We don’t know about you but we’ve noticed there are a lot of global issues that have instilled so much fear that are pitting one person against another.
We’ve also seen individual personal issues that create deep divisions where it seems like there’s no solution.
We’re making each other the enemy over these disagreements whether they’re about these global issues or particular to certain personal situations.
In our own family, we’ve seen these divisions and you may have as well.
This week, the two of us have been living with the question of whether it’s okay to agree to disagree and how to do that with love and not anger and resentment.
Here’s what we know…
Sometimes agreeing to disagree is your only option and what’s best in the moment because there doesn’t seem to be any solution or agreement possible.
Each of you is holding onto your point of view and not seeing anything beyond that.
This is life and these differences happen because we all have different ideas of how life should be lived.
But it’s what happens before, during and after the conversation that can make all the difference to the health of the relationship.
Here are a few ways to allow love to lead when you agree to disagree…
1. Intend connection
When you intend connection instead of fearing and bracing for the conflict that you think will follow…
The opportunity is there for deeper understanding.
A previous coaching client, Jan, was deeply upset that she and her new husband couldn’t talk about his adult kids.
She thought they “used” him, asking for money and favors and he seemed to jump to do whatever they requested.
Every time she tried to talk with him about it, they fought and he walked out of the room.
As we talked with Jan, she could see that she would initiate these “lectures” (because that’s what they were) with the intention of making him see that she was right.
He was being taken advantage of by his kids and she wanted him to know how wrong that was and how upset she felt.
When she saw that her attitude of “I’m right. You’re wrong” was coming between them…
She saw that when she had the intention of connecting with him, the atmosphere changed between them
2. Decide if this issue is a deal breaker or not
Sometimes when two people have such different beliefs and ways they want to live…
The level of trust and intimacy disappears and the relationship shifts.
You have to decide if this issue is a deal breaker or not.
As Jan looked at this situation with her husband and his kids, she saw that she very much wanted to have a life with him even if this kept happening.
Her previous husband had been an alcoholic who didn’t want to get help to change and it affected their life together.
That had finally been a “deal breaker situation” for her as she left that relationship after several years fighting the effects of it.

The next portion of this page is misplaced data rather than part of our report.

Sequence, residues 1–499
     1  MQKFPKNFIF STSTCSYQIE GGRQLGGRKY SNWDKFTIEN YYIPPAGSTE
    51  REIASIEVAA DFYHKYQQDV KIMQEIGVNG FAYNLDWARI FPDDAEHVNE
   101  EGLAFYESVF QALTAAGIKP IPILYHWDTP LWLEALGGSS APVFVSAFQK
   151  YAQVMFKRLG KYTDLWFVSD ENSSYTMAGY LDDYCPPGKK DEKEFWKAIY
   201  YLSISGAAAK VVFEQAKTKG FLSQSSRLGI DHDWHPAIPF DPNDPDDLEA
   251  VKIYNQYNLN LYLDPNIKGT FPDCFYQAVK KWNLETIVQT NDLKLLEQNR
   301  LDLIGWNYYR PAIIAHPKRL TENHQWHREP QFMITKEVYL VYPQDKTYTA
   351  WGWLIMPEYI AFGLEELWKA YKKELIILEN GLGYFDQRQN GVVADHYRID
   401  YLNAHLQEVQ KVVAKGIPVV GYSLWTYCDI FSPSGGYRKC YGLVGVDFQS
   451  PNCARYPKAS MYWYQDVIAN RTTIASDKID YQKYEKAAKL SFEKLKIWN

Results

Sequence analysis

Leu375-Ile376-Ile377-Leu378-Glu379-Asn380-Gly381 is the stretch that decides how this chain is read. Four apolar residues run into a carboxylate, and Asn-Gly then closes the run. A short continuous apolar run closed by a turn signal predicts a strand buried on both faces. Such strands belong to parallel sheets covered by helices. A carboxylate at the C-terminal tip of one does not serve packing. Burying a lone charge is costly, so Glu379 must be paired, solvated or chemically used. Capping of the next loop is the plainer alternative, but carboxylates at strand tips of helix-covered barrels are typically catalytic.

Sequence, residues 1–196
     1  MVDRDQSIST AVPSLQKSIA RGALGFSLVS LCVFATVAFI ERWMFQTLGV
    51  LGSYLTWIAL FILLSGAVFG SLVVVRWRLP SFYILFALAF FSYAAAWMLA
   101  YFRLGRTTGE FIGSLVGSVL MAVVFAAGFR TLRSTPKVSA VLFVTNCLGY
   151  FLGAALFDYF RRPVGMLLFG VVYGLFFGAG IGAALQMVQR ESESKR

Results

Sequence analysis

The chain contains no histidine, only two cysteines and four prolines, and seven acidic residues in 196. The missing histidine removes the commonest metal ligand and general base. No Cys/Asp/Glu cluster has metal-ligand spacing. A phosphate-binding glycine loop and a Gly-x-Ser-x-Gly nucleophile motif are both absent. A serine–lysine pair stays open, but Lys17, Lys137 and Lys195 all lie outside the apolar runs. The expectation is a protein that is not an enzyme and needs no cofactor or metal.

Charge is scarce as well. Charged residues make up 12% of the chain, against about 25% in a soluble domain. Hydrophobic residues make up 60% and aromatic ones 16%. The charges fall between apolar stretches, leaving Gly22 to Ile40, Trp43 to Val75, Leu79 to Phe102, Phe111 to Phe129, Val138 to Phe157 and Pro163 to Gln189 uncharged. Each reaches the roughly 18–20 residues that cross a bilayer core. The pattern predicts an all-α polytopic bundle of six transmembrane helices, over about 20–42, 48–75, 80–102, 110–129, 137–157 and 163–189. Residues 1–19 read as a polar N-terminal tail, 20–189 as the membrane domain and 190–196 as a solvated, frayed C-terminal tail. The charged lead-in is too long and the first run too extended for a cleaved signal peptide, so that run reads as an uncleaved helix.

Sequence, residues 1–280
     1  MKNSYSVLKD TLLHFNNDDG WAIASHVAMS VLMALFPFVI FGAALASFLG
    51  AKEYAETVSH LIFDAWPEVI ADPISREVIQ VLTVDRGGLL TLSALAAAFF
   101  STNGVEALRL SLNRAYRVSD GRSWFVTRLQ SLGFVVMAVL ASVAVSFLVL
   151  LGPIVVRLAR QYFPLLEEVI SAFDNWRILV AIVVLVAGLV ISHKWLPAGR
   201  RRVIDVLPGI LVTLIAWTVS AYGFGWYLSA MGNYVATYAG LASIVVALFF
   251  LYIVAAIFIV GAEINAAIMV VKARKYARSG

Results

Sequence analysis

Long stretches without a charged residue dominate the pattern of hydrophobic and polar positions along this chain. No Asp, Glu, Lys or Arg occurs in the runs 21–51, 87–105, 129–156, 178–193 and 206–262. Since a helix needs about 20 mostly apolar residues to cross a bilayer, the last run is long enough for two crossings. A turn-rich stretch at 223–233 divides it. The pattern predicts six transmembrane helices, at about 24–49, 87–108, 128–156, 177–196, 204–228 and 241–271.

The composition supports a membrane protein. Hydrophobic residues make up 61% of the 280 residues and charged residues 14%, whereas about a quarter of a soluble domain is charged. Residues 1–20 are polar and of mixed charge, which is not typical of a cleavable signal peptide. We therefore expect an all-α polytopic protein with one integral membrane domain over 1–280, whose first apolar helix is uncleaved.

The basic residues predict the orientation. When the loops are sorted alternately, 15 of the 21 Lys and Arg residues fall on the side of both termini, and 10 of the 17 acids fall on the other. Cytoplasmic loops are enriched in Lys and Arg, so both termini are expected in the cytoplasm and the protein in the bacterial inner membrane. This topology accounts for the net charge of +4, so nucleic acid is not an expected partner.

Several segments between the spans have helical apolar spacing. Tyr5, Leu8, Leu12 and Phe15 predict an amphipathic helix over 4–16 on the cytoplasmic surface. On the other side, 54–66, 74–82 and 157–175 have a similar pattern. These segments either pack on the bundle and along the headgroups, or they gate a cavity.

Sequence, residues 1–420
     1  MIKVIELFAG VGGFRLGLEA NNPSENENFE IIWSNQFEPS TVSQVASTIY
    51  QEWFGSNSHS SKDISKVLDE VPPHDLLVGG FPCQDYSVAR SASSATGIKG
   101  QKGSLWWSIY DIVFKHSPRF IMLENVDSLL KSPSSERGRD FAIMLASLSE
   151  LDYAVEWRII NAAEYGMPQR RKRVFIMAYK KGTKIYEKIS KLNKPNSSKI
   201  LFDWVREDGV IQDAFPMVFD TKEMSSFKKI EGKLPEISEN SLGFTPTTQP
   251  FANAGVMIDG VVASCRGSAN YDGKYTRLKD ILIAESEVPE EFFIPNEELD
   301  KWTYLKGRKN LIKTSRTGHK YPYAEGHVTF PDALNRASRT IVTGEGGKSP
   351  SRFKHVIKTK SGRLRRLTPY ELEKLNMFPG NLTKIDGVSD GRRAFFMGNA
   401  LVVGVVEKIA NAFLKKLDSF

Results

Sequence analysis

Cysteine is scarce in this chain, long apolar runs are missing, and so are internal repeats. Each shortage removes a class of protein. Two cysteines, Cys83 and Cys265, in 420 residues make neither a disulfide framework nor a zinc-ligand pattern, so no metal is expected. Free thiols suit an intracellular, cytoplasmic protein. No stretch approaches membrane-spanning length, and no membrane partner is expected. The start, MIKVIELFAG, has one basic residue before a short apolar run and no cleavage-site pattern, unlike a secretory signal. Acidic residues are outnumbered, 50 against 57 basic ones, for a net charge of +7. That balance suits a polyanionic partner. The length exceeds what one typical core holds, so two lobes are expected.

She knew what it felt like to “know” when something was a deal breaker or not.
In her heart, this issue with her current husband wasn’t.
You have to be the one who decides at what level you want to interact with this person if any and if it’s a deal breaker.
3. Look to where you can agree
When you’re open to finding common ground with this person over this issue and look for where you might agree…
Agreement and good feelings can surface when you least expect it.
So often when you think of this person, you only focus on where you disagree and the conflict.
We put people in boxes and when we see beyond that, new worlds of connection open up.
When you see that this person is more than this one issue where you don’t see eye-to-eye…
There is the opportunity to see how you can have a loving, more peaceful relationship.
When Jan realized that in her thinking, she’d put her husband in a “box” that said he was a push-over and weak…
She saw that her reactions to finding out what his kids had asked for next were over-the-top.
She saw that she somehow had been trying to “fix” him and get him to “man-up” when it was obvious that he didn’t want to see it her way.
When she saw that her reactions weren’t helping him and all they were doing was pushing him away…
She allowed her judgments of him and of the kids to calm down by taking her focus from them.
With the idea of connecting with him…
When the next opportunity came up, she asked him to help her understand what was behind him helping his daughter in this particular way.
When he saw Jan wasn’t judging him, he quietly explained how he’d felt guilty for years leaving them when they were young and he’d been trying to make up for it since then.
Although Jan still disagreed with him that this was a good strategy, she had compassion for him and his situation.
She saw that he had to forgive himself and that she couldn’t “fix” it for him.
As time went on, she found that as her resentment softened and her connection with her husband strengthened…
At times, he did say “no” to his kids requests.